- Maintain positioning so that the defender is between the puck and the goalie.
- So you are attempting to keep the play to the outside.
- Often the puck battle will often happen in the corner.
- So in the illustration. The puck is in the corner. In this scenario the Strong side defenseman (area 1) will handle the puck carrier and the Weak side defenseman will handle the House.
- The quick rules for the defenseman.
- Positive communication with your partner.
- The strong side defender battles in the corner.
- The weakside defender protects the front of the net.
- The defenseman will initiate the outlet (breakout) pass.
- More details at How to Hockey.
That’s it! That’s the responsibilities for the skaters in the defensive zone. But don’t take my word for it you can listen to Hall of Famer Denis Savard from Ice Hockey Systems explaining defensive zone coverage. Also, for entertainment on youtube search for “Denis Savard Spinorama”, I swear it’s more entertaining than any gamer youtuber, even DanTDM.
Get the puck out
- The first things from a structure standpoint that we will work on is transitioning the puck out of our zone.
- Being unable to successfully transition the puck out of the defensive zone can lead to prolonged attacks, which can lead to frustration, disappointment & goals against.
- What we want to do is allow the players to be successful and transition the puck out of the offensive zone.
- The goal is going to be to have the players understand how to set themselves up to successfully move the puck out of the defensive zone.
- How do we do this? Breakout
What is a breakout?
- A breakout is essentially the defending team is attempting to transition the puck away from their defensive zone and strategically moving the play up the ice, into the attacking zone.
- The defenseman’s job is to gain possession of the puck and move the puck to a safe(r) area with an outlet pass.
- The forward (wingers) job is to support the defenseman by being ready for the outlet pass.
- As we progress in this we will add additional elements such as center support and 5 man breakout.
Drill 1 – Two Man Breakout
- Our first systematic drill will be the two man breakout.
- With the two man breakout there will be two players (one defense & one forward)
- The Defenseman will retrieve the puck and make an outlet pass to the winger and the forward will skate with the puck out of the defensive zone.
- A variation to the drill will have the forward use a bank pass to himself to get the puck out of the zone around the blue-line.
- Defenseman remember the boards are your friends.
Drill 1.5 – Three Man Breakout
- After the two man breakout we will add the three man breakout drill.
- The drill is the same as the first breakout drill but with center support.
- Here is a detail of the drill from Jes-Hockey.com
Drill 2 – 2 (or 3) Man Breakout with Transition (1v1 or 2v1)
- Eventually we may want to have this drill transition into a 1 vs 1.
- The drill will be a variation of the 2 (3) Man Breakout drills.
- There will be a variation. Instead of the forward dumping in the puck we will have the coach dump the puck in the zone. Similar to the earlier breakout listed above.
- The Defense will gather the puck and make an outlet pass to the forward. Once the forward has received the pass the defense will skate to the first pylon and skate backwards.
- When the forward receives the pass he would circle around the farther pylon and attempt to get a shot on net.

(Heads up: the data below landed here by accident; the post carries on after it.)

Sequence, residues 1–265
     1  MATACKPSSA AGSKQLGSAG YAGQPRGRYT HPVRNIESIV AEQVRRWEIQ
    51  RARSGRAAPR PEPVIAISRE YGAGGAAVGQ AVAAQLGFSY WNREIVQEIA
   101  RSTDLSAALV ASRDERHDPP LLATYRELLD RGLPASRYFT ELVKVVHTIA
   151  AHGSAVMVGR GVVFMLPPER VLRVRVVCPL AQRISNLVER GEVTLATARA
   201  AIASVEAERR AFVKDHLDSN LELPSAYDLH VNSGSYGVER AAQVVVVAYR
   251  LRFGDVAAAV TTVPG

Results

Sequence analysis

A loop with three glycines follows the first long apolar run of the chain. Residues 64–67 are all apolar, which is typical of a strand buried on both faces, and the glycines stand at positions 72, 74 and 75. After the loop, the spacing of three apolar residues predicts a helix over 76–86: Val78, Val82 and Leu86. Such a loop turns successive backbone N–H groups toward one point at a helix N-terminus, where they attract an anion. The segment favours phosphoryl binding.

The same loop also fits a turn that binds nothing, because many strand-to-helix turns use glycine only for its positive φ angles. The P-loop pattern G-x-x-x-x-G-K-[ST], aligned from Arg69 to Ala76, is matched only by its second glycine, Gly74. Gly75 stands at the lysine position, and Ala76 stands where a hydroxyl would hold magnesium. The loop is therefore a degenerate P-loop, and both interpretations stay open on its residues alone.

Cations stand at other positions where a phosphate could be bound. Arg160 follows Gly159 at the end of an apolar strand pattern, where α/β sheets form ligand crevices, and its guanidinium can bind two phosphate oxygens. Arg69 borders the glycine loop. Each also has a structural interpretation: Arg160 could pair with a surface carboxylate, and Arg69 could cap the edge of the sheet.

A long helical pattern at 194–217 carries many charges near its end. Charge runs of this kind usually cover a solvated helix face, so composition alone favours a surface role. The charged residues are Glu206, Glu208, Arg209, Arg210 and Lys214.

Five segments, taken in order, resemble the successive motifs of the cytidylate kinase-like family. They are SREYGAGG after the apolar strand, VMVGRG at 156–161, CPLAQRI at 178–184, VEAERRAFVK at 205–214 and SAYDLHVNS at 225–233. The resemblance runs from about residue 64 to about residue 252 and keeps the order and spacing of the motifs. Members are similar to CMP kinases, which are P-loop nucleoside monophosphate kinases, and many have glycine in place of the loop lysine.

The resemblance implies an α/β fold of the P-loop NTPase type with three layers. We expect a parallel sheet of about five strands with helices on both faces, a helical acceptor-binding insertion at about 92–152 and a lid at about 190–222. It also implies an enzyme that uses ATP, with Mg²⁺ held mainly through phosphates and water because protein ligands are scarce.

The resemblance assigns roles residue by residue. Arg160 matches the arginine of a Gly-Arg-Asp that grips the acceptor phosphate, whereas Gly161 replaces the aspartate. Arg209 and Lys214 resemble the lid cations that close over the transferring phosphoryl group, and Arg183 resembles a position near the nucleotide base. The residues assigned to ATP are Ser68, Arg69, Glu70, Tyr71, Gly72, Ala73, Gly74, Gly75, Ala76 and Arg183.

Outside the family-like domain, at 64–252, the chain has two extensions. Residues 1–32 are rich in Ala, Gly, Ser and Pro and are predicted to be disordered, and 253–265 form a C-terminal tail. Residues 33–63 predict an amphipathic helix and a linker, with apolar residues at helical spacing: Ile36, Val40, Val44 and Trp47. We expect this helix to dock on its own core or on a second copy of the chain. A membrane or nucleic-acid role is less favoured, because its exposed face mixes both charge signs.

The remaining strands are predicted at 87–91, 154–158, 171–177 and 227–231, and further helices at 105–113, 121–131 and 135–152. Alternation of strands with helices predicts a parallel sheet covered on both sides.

- Please Note: The defenseman’s role is NOT to attack the forward. It is to transition to backwards skating and maintain positioning. Holding the forward to an OUTSIDE shot. Essentially, allow the forward to ATTACK the net and maintain positioning.
- Variation will be a 3 Man Breakout & Transition. This drill will have a center support the forward. There will be TWO far pylons for the forward to skate too.
- The key for this will be to pass between the two attacking forwards.
- For the two forwards to stay on-side while transitioning to the offensive zone.
- The defense’s job is to again maintain positioning and to protect the middle of the ice.
Drill 3. 5 Man Breakout
- There are several parts to this drill. Which will teach defensive zone positioning.
- In this scenario the zone exit will be on the LEFT side. When we practice zone exit’s on the right side it will be the opposite.
- The right defense will move the puck to the left defensive corner.
- The left defenseman will secure the puck and make an outlet pass to the left winger.
- The left winger will have a several options;
- Skate the puck out of the zone.
- Make a short pass to the center.
- Use the boards to bank pass to himself
- Use the boards to bank pass to the center.
- The center will be supporting the left defenseman and winger. They will be available for an outlet pass.
- The right winger will ‘cheat’ towards the center of the defensive zone once the puck is moved to the left side. This will allow him to be available for an outlet pass in the center of the zone.
- By mid-season we will transition into the basic 5 man breakout and regroup to a three on two offensive.
- Here is a potential drill that we could run by end of season.
- What is interesting about this drill is that at the end of the breakout the forward sends a pass to a defenseman and the forwards regroup.
- The defenseman then sends an neutral zone outlet pass to the forwards.
That’s it. That’s the breakouts, how to transition out of the defensive zone and potential drills for this season. From a skill development standpoint the breakout will help with the following skillset; situational awareness, puck control and passing. Which will be key for player development.
Here is some additional details on breakouts drills and information.